Wed, Apr 17, 2019 - Page 12 News List

Airbnb seeks talks with ministry on tighter regulations

By Kao Shih-ching  /  Staff reporter

Airbnb Inc yesterday protested against the Ministry of Transportation and Communications’ proposed tighter regulations on home-sharing services, but said it hoped to work with the government to craft a policy that would create a win-win situation.

The ministry on March 26 proposed changes to Articles 55 and 55-1 of the Act for the Development of Tourism (發展觀光條例) that would raise the maximum fine from NT$500,000 to NT$2 million (US$16,195 to US$64,779) if hotel operators or home-stay service providers operate without a license or registration certificate.

Under the changes, Airbnb and other Web sites promoting the services of room-leasing operators would face fines of NT$60,000 to NT$2 million, with repeat fines possible.

The ministry’s amendments would hit the operations of Airbnb in Taiwan and its local partners, Singapore-based Airbnb public affairs manager Marvin Ma (馬培治) told the Taipei Times on the sidelines of an event in Taipei.

Airbnb plans to submit a protest to the ministry before the consultation period ends and most of the company’s local partners would also voice their concern, Ma said.

The company would try to open a dialogue with the ministry, Ma added.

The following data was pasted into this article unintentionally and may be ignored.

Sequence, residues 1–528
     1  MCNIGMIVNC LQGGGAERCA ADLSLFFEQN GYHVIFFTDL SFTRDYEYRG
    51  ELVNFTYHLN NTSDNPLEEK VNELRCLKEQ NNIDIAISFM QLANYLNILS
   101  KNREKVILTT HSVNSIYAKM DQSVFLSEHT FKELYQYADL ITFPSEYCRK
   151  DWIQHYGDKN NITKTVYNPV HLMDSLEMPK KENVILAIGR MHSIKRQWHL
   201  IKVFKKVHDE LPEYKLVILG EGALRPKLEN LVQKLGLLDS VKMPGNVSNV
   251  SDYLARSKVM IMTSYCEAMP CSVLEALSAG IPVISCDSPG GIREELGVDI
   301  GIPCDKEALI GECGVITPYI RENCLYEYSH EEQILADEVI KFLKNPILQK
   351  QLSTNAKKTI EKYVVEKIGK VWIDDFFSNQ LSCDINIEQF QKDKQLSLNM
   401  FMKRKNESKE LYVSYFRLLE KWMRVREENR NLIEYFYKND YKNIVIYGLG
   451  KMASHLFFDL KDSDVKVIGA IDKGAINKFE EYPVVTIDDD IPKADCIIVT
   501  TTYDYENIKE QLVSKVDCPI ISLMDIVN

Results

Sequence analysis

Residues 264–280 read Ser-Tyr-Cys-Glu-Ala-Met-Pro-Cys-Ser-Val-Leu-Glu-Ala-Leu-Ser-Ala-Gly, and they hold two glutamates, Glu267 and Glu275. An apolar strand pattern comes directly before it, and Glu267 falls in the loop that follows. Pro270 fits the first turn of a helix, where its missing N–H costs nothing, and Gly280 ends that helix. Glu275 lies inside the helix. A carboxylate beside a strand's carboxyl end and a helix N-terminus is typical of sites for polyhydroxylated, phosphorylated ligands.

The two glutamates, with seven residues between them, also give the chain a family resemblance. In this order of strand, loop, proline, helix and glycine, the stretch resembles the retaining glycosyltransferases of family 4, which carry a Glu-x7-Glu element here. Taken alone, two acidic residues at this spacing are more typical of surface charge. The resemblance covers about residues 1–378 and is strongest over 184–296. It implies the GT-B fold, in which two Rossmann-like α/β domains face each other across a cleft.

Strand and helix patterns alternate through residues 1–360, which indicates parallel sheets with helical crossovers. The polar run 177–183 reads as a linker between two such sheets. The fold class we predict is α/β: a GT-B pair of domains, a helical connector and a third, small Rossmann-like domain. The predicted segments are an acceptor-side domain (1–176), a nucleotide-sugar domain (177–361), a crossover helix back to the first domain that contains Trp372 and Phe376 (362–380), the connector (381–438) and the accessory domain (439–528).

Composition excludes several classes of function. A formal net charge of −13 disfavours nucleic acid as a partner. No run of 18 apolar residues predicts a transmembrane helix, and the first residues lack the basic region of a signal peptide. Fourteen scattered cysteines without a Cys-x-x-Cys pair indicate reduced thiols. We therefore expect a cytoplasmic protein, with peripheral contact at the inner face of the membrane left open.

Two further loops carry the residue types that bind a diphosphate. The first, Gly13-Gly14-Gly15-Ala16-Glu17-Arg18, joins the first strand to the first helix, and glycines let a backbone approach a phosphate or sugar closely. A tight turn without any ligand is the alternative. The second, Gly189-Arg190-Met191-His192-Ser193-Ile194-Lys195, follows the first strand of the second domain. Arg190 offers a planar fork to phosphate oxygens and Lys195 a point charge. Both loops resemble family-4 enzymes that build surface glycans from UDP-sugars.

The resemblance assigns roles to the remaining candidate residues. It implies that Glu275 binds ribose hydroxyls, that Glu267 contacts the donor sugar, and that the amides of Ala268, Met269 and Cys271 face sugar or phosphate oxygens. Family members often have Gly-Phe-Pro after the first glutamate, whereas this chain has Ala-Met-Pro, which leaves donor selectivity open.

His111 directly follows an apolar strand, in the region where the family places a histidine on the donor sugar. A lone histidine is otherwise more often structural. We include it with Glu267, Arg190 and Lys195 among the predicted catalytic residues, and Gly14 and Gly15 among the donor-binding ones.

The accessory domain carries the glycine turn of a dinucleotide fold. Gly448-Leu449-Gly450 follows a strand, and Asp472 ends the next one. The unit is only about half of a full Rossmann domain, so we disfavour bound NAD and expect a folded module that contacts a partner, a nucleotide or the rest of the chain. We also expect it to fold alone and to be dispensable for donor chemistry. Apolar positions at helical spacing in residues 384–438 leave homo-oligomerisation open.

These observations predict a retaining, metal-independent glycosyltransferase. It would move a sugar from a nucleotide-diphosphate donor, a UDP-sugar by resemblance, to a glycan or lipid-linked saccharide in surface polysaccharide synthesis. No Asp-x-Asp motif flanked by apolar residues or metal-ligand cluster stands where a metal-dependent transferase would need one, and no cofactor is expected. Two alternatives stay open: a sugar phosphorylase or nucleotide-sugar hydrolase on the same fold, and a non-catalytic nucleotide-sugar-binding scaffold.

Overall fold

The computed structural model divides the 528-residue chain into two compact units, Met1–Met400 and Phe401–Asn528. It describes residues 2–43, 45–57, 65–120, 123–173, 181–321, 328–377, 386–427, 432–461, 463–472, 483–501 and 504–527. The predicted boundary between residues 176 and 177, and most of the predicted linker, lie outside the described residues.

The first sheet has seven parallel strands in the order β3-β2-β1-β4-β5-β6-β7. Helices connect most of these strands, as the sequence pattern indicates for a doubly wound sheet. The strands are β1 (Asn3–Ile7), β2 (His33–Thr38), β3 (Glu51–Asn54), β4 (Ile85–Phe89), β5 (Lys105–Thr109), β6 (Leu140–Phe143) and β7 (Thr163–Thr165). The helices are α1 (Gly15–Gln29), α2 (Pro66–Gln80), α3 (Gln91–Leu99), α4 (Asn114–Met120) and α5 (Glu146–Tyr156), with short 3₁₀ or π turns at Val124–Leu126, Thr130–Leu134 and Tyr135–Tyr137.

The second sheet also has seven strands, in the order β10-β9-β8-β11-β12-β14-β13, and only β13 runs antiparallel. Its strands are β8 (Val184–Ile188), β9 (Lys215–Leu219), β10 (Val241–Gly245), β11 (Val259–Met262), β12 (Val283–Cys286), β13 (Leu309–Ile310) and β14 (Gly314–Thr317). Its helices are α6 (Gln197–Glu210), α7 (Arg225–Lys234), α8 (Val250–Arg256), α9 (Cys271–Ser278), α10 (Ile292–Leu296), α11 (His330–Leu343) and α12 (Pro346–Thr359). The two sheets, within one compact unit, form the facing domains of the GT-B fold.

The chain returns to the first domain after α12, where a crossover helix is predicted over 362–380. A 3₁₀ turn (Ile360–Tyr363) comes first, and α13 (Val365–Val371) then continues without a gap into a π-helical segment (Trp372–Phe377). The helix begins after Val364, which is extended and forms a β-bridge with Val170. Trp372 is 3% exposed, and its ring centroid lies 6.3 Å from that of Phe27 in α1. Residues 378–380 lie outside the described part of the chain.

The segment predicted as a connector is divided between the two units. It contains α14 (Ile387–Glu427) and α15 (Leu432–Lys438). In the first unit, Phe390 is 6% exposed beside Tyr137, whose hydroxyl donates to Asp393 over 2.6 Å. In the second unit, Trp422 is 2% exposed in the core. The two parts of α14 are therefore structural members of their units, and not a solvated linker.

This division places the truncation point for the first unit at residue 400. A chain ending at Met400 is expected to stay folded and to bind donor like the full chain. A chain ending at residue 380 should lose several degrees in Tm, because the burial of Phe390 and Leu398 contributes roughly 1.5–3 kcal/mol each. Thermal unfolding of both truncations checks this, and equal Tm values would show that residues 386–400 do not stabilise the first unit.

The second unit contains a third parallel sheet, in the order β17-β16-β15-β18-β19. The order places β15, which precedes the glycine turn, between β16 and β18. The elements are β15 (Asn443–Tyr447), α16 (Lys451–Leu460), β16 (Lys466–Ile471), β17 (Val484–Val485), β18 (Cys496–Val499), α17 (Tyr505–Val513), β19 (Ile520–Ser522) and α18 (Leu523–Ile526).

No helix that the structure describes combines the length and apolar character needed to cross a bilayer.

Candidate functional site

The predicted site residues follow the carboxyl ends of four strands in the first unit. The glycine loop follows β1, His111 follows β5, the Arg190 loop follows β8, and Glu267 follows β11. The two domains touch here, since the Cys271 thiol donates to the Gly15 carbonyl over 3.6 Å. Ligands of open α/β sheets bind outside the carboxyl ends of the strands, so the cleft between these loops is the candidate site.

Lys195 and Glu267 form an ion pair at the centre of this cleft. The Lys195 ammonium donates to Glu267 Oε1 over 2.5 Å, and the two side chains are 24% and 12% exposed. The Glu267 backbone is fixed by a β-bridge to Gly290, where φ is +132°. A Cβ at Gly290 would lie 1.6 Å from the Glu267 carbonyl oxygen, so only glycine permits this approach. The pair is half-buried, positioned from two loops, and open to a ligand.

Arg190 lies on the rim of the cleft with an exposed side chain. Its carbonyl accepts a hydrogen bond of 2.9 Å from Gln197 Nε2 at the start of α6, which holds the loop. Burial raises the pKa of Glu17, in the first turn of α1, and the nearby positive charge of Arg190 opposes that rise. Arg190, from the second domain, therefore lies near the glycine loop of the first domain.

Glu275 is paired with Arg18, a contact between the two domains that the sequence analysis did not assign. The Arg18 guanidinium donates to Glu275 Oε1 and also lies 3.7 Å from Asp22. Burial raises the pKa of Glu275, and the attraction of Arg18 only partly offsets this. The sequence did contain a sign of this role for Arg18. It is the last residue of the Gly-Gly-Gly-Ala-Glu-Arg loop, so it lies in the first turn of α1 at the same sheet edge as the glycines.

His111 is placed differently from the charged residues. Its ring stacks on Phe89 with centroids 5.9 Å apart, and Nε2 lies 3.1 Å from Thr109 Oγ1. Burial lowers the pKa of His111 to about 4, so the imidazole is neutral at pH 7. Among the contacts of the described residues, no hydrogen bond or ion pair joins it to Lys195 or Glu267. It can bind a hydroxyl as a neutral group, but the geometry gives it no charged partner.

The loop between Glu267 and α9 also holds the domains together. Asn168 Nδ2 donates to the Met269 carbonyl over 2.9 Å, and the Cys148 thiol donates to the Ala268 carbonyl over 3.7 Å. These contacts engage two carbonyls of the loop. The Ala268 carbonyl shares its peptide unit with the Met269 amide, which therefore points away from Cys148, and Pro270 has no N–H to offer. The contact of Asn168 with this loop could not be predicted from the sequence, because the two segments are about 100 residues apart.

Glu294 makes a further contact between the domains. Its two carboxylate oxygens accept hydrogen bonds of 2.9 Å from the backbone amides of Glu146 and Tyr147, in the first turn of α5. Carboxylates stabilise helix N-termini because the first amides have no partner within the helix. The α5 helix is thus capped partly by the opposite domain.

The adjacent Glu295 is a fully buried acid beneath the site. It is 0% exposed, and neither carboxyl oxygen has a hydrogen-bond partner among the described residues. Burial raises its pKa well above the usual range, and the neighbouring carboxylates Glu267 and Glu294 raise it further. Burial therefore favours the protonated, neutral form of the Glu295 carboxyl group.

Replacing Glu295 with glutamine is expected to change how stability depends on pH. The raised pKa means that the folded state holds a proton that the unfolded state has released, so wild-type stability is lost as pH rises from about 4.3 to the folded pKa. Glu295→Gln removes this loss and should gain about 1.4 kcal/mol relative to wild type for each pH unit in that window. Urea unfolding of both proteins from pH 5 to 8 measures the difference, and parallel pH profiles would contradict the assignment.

“Airbnb is willing to discuss the regulations on home-sharing with the Taiwanese government,” Ma said, adding that they have been successful in 550 regions and cities worldwide, including Japan, Mexico and Denmark.

“Those countries adopted new regulations to cover Airbnb. The rules are different from those that regulate the conventional lodging industry,” Ma said.

Since 2016, Airbnb has faced regulatory challenges in Taiwan, as the ministry has implemented increasingly tougher penalties for those offering rentals on Airbnb, but for the first time the regulator is planning fines that target Airbnb, Ma said.

“It is a pity that Airbnb was excluded from discussions held between ministry officials and the conventional lodging industry on the regulatory changes,” Ma said.

“We did not ask for deregulation, as even this new style of home-sharing needs oversight, but the government should not impose the same regulations on us as on traditional accommodation providers,” he said.

It is difficult for Airbnb partners to obtain hotel licenses in Taiwan, as the rules are cumbersome, he said.

For example, hotels are required have parking lots and access-free facilities, and roads in front of hotels must be wider than 8m, which is not possible for most Airbnb rentals, he added.

Airbnb has seen its business in Taiwan steadily grow, with the number of inbound guests totaling 1.6 million last year, of which 1.05 million were foreign tourists, company data showed.

The global giant had about 11,000 partners and 35,000 listings in Taiwan as of the end of January, the data showed.

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